Published online by Cambridge University Press: 15 August 2018
Body image is a vital and complex issue in cancer patients, but not well recognized. In the ambulatory psychiatric-oncology clinic, we assessed what portion of cancer patients endorsed appearance problems and if they differed in terms of depression, anxiety, or distress scores when compared with those who did not endorse appearance problems.
All adult patients with active cancer diagnosis seen in the outpatient psychiatry oncology clinic (June 2014–January 2016) who provided informed consent were included (N = 1,939) in the cross-sectional study design. “Appearance problems” were assessed as a categorical, binomial variable (yes/no) using the National Comprehensive Cancer Network Distress Thermometer checklist. Other assessments included the Patient Health Questionnaire-9, Patient Health Questionnaire-2, Generalized Anxiety Disorder-7, Distress Thermometer, and Edmonton Symptom Assessment Scale.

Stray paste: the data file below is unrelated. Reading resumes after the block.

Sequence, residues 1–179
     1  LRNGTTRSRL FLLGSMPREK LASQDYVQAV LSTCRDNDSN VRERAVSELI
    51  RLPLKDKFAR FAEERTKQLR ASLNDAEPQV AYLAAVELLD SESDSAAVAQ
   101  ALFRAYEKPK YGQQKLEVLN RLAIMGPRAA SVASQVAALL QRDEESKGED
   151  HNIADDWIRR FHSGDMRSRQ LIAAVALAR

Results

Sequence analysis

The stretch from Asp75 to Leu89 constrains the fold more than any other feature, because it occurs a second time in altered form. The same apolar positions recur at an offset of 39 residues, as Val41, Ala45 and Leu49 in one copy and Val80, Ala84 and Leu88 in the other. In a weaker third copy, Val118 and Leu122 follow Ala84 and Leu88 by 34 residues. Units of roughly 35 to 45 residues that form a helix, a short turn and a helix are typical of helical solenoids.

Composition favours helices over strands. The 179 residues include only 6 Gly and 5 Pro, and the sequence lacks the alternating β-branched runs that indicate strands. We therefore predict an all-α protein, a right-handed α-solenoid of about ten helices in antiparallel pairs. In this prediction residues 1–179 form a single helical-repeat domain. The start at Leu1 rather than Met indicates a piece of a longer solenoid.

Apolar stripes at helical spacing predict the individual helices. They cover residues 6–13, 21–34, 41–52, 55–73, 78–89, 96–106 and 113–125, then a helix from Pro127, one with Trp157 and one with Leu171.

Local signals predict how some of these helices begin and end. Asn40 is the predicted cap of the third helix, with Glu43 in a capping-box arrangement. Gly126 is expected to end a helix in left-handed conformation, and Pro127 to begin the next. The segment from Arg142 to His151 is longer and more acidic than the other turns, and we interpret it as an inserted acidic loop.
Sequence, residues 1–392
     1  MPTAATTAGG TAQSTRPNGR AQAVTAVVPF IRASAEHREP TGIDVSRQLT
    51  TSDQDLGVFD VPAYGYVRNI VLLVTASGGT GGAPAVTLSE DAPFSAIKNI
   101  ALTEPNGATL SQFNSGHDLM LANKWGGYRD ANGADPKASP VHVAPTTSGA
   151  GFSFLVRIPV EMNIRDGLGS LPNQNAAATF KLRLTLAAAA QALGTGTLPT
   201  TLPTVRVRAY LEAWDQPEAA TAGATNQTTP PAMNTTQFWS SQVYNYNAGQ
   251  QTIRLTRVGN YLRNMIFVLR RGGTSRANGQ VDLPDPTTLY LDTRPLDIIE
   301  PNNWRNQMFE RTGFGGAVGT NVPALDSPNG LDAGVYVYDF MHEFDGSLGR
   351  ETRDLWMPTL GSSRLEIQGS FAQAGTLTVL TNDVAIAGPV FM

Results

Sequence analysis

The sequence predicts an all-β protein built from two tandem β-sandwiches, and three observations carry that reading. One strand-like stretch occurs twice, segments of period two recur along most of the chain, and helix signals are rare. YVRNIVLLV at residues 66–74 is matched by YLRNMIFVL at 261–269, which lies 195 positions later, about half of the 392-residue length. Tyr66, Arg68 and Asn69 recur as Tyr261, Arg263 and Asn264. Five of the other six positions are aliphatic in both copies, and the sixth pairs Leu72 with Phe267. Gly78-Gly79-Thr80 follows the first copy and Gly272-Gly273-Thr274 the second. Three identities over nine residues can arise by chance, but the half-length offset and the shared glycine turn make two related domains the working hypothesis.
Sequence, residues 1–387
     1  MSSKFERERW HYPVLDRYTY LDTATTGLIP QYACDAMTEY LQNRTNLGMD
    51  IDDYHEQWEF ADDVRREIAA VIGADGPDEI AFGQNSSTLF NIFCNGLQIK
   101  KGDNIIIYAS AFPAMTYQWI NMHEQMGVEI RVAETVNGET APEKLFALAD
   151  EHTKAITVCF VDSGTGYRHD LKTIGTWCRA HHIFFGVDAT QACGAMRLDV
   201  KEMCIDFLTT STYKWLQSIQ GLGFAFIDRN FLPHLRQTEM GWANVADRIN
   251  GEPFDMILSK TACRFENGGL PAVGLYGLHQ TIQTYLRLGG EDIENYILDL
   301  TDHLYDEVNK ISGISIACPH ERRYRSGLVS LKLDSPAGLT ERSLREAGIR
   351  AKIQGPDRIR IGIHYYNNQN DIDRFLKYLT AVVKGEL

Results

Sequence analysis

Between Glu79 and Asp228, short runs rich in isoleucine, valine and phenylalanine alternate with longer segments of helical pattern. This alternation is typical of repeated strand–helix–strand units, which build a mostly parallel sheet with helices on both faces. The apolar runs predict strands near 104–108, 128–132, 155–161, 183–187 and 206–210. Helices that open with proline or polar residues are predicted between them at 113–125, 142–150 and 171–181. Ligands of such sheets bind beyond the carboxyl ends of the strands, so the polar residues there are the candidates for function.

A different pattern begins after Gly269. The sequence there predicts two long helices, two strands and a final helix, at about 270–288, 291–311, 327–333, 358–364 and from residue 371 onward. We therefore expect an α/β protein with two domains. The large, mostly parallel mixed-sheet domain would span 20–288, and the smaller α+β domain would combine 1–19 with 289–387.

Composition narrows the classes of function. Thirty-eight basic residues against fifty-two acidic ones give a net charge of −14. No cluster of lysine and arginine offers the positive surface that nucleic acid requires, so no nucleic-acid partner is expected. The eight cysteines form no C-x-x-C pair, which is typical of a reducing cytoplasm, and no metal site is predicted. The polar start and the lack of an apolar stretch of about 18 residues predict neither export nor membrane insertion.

The overall prevalence rate of individuals who endorsed appearance problems was approximately 36%; they were more likely to be younger, female, Black or Hispanic, and not in a committed relationship (all results for demographic variables were statistically significant; all p < .001). Importantly, those patients who endorsed appearance problems exhibited higher scores for depression (p < .0001), anxiety (p < .0001), and distress (p < .0001), and these differences were of medium effect size (Cohen's d = 0.5−0.6).
The current results underscore the need to identify patients with body image problems early given that they are likely to exhibit higher magnitude of anxiety, depression and distress symptoms while undergoing cancer care. The results highlight the importance of body image issues and the need to evaluate them in cancer patients.